Posted in Mommyhood

A Lesson in Love

Last Updated on November 15, 2020 by World's Okayest Mom

Boys, Big Days and Big Deals

My Girl and Jane were whispering with giddy smiles when I came home Monday.

The Husband rolled his eyes and said, “I can’t handle this.”

That’s when I knew.

Boys

The subject du jour was boys.

Ok. My Girl is 9 years old. 9 years old. It’s too soon for boys, right?

Sadly, I’ve had this feeling for some time. My Girl is going to be boy crazy. That much was obvious when she told me she fell in love in first grade. That first attempt at love ended in heartbreak for My Girl (see here), but she’s not one to stay down when thrown off a horse.

Literally. She’s been thrown off a horse twice and she’s still eager for horseback riding lessons every Tuesday.

So, here enters her third-grade crush.

Her boy may be better than my boy

I have yet to meet this boy, though I saw him once for just an instant. Here’s what I know: he’s the new kid in town, moved here from California (she goes for the exotic type… can’t blame her there, though I’m more partial to Australia than California); he’s the cousin of a very nice girl in her class that we’ve known for a few years; and on a scale of one to ten – one being a trouble maker and ten being a “role model kid” (My Girl’s code for goody-two-shoes), this boy is an 8 (My Girl did the scoring).

All in all, I have to say I approve.

Oh, and this boy is apparently very generous. Over the last two months, My Girl has come home with the following evidence of his infatuation: a dragon keychain, a purple gemstone, a squishy loaf of bread that I suspect is actually a dog toy, and three Pokemon cards.

While that seems like a scarce and odd bit of gifts from a suitor, take into account that my birthday present from The Husband (a girls’ weekend in Arizona with Leslie Ann) was cancelled by the stupid ‘Rona and not replaced. My Girl is actually making out better than me this year.

I’m not bitter.

My Girl, her boy and the “big day”

So that brings me to the scene coming home from work. Third Grade Suitor had given My Girl the above mentioned crystal. And My Girl and Jane were in raptures.

They also realized that My Girl is woefully behind in proving her affection, so she needed to do something big.

So the two plotted out My Girl’s “Big Day.”

Yes, they called it her “Big Day.” As in telling The Husband, he didn’t understand but they needed to prepare for the “big day.” Or as in, My Girl shouldn’t have to help with the dishes because we know that tomorrow is a “big day” for her.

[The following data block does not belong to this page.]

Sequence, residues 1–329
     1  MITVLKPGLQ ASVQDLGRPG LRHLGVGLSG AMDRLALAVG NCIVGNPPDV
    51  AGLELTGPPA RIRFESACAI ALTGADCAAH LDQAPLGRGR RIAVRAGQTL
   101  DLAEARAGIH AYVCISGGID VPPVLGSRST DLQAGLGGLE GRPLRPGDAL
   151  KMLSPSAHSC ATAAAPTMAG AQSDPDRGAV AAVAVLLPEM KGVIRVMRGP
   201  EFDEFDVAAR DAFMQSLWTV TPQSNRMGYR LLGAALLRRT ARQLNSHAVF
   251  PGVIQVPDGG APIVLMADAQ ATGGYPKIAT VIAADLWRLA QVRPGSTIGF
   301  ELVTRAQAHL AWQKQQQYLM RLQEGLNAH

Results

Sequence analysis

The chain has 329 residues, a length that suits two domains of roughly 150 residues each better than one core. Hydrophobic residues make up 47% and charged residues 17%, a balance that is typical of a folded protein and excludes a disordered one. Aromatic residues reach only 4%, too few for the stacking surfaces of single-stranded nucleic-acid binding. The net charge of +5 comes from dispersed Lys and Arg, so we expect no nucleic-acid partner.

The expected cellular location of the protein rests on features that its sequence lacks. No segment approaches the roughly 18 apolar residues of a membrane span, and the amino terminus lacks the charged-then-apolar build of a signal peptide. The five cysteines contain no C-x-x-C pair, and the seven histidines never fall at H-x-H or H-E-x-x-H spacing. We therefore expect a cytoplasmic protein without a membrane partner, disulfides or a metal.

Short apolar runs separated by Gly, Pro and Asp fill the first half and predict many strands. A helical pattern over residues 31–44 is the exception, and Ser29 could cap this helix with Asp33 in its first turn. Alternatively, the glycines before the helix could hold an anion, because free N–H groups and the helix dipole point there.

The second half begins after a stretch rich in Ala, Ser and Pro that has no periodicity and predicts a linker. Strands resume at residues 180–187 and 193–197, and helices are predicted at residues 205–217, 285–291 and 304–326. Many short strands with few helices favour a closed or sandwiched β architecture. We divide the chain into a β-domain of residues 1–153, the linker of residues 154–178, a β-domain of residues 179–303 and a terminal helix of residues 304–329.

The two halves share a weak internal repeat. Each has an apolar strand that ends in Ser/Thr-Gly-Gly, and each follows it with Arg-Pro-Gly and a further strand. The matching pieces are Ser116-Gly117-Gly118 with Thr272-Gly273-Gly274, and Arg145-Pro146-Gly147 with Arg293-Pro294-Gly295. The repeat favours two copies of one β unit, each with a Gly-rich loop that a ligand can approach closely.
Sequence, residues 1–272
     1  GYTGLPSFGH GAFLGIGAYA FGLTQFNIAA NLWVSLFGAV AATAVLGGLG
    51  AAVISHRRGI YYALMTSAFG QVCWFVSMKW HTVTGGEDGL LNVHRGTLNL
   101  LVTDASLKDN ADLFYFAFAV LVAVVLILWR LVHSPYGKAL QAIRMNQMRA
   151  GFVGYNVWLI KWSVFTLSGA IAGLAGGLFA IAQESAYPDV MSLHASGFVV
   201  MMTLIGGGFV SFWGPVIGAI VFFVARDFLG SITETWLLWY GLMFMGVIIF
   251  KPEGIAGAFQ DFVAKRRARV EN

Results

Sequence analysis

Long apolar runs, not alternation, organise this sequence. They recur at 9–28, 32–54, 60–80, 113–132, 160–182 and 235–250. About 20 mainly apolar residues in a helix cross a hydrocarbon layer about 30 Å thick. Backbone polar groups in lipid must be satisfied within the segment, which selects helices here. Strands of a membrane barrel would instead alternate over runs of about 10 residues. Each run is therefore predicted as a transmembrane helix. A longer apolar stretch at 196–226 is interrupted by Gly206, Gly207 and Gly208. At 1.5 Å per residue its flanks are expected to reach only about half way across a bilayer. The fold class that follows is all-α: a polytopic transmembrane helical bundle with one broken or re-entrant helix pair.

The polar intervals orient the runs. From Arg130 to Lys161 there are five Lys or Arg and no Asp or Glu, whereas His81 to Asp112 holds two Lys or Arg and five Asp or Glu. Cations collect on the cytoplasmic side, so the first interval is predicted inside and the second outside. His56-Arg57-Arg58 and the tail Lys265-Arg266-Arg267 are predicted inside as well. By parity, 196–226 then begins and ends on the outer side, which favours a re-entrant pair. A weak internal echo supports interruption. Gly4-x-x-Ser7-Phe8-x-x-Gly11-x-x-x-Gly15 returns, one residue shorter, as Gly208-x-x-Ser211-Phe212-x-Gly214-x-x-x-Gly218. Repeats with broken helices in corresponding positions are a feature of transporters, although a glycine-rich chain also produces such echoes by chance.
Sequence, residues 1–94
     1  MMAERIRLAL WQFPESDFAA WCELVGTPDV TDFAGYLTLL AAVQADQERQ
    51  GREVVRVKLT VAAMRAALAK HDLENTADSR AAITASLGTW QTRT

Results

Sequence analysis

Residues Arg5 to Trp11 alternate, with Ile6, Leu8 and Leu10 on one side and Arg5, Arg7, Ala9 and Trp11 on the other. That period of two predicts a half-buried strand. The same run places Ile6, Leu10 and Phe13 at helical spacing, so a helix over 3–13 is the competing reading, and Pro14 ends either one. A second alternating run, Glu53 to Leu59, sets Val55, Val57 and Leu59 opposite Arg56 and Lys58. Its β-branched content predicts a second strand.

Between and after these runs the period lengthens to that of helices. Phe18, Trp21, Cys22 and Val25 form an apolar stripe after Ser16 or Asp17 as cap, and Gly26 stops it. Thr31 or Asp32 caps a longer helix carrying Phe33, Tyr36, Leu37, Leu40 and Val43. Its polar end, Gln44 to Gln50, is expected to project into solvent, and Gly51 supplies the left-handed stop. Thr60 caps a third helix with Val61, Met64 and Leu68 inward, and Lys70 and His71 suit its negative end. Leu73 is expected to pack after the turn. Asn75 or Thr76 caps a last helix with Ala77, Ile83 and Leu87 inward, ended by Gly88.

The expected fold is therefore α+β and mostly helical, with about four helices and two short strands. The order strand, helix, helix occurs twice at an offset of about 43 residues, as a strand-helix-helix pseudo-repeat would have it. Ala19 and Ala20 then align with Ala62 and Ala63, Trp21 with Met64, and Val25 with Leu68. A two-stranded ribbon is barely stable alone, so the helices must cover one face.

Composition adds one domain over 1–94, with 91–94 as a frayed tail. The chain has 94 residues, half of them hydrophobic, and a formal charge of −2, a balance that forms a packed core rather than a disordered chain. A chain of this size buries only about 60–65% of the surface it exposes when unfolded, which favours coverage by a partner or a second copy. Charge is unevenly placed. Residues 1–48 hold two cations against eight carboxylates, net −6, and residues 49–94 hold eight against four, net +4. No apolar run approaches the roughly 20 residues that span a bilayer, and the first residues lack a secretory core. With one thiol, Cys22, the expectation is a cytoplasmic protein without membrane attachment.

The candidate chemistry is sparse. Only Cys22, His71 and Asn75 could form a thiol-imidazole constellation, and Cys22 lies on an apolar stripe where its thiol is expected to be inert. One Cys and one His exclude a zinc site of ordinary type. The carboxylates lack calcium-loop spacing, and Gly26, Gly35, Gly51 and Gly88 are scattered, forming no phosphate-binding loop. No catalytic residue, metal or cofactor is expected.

The drama is strong with this one.

So My Girl and Jane spent the afternoon preparing an outfit (frilly dress from H&M, gemstone headband and choker necklace), the gift (a seashell from our recent trip to San Diego), a checklist for the morning (so My Girl wouldn’t forget any of their preparations) and a script (in case My Girl was nervous when presenting her token of love).

I believe it was at this point when The Husband realized he “can’t handle this.”

Dear, I hate to break it to you, but this is just the beginning.

Luckily, I have a back-up plan for when things get worse in regards to My Girl’s love life. Her beautiful Aunt Penny knows boy crazy more than anyone else in our family. Somehow the fertility gods didn’t see fit to bless her with any girls yet – just two boys – so I’m going to ship My Girl her way when the boy fever takes over. I’m pretty sure Penny has it coming.

After an afternoon of preparation, My Girl was ready for her big day.

The “Big Day” gets real

That morning, she got up early. There was no argument over her outfit since it had been carefully laid out the night before.

There was a slight argument over shoes since My Girl needed something “fancy.” I gave up on fancy shoes ages ago when I realized My Girl will only wear variations of cowgirl boots. We have play cowgirl boots, fancy cowgirl boots, colorful cowgirl boots (which are really just rain boots with polka dots) and warm cowgirl boots (which are snow boots, but I’ll do what it takes to get a pair of shoes on her feet)

There was a plea to “order some on Amazon” but even my trusty Amazon app can’t deliver in 20 minutes… though I just came up with a great commercial idea for Jeff Bezo when he launches his drone delivery…